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Naga scholars host talk on UGC and question of autonomy

By EMN Updated: Sep 11, 2018 12:02 am

Dimapur, Sep. 10 (EMN): The Naga Scholars Association (NSA) had organised a special talk on ‘Higher education in India: UGC and the question of autonomy’ on Saturday, Sep. 8 at School of International Studies, JNU in New Delhi.

President of NSA Dr. Zuchamo Yanthan, in his welcome address stated that the proposed topic is relevant considering UCG’s reforms in higher education for better understanding on the issue whether autonomy in higher education is merely driven for financial benefits or it will take universities into privatization rather than strengthening public funded institutions.

Resource persons were Prof. Aditya Narayan Misra, former president of Duta & Fedcuta and Dr. Rajesh Jha, academic council member of Delhi University.

Prof. Narayan Misra talked on the proposed bill of Higher Education Commission of India (HECI) Act 2018, which repeals the UGC Act, 1956. He stated that the proposed bill is designed towards strangulating higher education in India by destroying the autonomy that is given to all universities and institutions. He cited an example of colonial times when Lord Curzon attempted to appropriate higher education through a similar legislation which was resisted.

“A resolution was passed by the then Madras Session of Congress to claim autonomy for the University system as no University can be called a University without an organic system of autonomy and freedom from every governmental control,” he said.

Prof. Misra argued that while the UGC Act mandated the commission ‘to inquire into the financial needs of universities’ and ‘allocate and disburse, out of the fund of the commission’ to the universities (under section 12 of the UGC Act, 1956). However, after the HECI, he said now the Ministry of Human Resource Development (MHRD) has taken over ‘the allocations to be made to universities, which will convert universities into merely department of the government.’

This will certainly bring universities under the strict and direct financial control of the MHRD, he said while adding that the financial control by the ministry will be used for promoting government agenda in place of objective universal knowledge.

He further stated that this advent of regulatory body means privatization of higher education in India, which will make higher education inaccessible for poor, SC, ST and OBC students.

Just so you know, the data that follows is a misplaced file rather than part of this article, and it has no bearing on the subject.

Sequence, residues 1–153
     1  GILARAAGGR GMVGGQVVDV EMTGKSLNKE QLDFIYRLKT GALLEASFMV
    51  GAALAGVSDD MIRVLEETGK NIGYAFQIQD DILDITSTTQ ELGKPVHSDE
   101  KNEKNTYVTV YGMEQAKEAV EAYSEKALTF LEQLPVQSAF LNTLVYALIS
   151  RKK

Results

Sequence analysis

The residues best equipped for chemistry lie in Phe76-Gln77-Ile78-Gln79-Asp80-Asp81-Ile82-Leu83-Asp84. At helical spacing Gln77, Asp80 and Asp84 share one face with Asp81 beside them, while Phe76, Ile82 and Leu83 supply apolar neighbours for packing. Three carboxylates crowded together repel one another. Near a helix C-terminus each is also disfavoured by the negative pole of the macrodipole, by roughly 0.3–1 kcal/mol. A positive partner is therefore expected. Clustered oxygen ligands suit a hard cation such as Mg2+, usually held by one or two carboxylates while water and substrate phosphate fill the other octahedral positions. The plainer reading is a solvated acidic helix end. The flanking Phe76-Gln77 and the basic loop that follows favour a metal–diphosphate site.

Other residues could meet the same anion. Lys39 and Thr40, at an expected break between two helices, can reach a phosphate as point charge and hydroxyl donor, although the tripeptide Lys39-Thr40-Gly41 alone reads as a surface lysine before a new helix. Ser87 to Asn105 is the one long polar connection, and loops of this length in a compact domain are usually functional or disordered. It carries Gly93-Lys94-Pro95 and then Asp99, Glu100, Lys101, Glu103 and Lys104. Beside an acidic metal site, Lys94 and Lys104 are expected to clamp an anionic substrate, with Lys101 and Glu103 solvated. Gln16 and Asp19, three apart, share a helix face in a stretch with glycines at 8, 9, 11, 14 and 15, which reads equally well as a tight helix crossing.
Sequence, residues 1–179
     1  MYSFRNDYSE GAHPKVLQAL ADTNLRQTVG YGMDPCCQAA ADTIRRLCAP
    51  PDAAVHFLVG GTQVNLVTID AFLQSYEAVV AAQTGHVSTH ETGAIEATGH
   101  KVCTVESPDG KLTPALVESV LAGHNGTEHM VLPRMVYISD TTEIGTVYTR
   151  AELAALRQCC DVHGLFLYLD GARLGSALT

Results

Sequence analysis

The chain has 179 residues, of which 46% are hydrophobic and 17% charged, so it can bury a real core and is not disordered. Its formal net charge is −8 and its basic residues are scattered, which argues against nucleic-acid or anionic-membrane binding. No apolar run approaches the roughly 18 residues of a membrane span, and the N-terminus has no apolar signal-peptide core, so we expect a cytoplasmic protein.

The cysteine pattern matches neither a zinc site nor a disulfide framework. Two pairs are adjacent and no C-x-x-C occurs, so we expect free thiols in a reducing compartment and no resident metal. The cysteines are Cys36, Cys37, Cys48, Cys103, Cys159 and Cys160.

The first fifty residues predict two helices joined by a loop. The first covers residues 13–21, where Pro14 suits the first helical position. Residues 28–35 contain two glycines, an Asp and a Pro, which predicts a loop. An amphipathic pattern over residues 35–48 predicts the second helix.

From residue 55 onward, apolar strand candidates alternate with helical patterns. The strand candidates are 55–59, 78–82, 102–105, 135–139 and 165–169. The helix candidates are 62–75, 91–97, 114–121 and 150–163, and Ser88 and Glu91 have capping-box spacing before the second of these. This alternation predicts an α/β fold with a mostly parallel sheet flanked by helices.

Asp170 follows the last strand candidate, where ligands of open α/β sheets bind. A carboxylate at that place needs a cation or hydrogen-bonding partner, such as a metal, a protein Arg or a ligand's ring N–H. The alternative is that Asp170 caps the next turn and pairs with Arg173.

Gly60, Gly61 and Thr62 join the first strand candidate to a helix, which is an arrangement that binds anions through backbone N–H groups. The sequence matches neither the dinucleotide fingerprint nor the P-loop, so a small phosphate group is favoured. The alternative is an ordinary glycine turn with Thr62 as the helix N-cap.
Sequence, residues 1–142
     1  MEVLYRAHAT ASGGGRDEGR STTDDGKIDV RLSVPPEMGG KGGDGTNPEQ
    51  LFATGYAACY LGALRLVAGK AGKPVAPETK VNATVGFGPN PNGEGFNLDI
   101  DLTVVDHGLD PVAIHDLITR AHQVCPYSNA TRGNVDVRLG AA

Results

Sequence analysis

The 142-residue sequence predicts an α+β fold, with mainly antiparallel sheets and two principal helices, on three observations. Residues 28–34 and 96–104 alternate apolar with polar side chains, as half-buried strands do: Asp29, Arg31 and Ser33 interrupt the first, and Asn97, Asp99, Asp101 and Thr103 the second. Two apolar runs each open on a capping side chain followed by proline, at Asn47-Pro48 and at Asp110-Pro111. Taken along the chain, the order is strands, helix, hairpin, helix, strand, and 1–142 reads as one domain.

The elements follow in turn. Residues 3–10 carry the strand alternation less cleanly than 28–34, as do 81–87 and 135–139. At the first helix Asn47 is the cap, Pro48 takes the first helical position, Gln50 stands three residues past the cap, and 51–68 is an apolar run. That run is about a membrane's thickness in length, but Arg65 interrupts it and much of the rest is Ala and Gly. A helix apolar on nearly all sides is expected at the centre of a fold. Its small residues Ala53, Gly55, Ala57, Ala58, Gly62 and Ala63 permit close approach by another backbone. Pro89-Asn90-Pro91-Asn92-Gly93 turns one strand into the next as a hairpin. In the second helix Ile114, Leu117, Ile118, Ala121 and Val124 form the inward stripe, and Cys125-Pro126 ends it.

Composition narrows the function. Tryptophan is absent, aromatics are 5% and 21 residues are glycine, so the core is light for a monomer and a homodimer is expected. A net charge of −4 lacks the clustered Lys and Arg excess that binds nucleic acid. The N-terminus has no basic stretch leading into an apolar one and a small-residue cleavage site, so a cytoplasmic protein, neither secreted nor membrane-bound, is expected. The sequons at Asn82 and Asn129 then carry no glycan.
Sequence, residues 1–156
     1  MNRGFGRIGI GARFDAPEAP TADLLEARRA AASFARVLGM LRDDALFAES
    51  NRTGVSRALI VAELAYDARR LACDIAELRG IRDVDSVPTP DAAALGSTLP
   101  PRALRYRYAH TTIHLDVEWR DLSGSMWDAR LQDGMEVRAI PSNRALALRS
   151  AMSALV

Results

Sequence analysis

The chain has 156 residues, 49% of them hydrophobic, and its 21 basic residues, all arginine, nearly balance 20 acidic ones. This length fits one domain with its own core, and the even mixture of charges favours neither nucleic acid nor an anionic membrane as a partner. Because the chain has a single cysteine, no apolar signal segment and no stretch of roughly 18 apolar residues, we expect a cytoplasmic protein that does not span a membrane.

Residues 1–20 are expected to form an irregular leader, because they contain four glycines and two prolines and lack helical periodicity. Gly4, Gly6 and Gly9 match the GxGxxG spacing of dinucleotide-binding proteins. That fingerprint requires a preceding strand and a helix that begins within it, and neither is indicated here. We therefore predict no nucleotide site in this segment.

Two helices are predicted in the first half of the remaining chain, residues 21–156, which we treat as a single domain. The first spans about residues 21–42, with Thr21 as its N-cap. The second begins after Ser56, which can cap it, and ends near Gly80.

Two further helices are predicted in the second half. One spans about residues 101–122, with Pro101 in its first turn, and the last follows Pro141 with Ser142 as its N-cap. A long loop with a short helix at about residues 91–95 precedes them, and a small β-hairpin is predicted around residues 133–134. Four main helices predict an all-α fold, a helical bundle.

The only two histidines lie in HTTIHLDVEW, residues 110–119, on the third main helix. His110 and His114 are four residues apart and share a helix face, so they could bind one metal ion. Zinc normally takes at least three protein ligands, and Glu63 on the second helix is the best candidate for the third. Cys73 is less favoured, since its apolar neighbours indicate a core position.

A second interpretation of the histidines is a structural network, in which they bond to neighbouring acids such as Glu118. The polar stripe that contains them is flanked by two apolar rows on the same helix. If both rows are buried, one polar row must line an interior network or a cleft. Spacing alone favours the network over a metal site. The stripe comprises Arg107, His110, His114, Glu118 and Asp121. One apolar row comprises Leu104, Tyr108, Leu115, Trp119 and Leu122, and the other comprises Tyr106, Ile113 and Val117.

One of the proposed functions of HECI is to lay down the standard for autonomous colleges and graded autonomy for universities, which is nothing but blatant privatization and contractualisation of universities.

The prof. also questioned the ongoing uniform syllabi that is implemented across universities in India which he said is going against diversification of education in the country. He pointed out of how universities across the advanced countries do not have any uniformity in their syllabi. He strongly stated that diversification of education is important as it contributes to the process of generating varieties of knowledge and modes of its dissemination.

Prof. Misra also raised some pertinent concerns – why private universities are not allowed to design their own syllabi, why budget allocation on education has come down so drastically, why teachers not allowed designing their own syllabi, why there is huge cut in research enrolment, why there are huge cut off funding in research laboratories. He further questioned on strengthening scope for privatization rather than strengthening public funded institutions.

He maintained that there is lack of inclusion in the education system in India and the higher education has lost its independence and fast becoming like any other government department.

He said that the challenge now is scholars across India should work hard to re-establish its lost glory that is bringing back the autonomy in all the universities in the country. His other main concern is also privatization of education in the country and the total exploitations by the private universities. He ended his lecture by asking whether India’s fight for freedom is worthy of such pathetic welfare state where universities are losing their autonomy.


By EMN Updated: Sep 11, 2018 12:02:33 am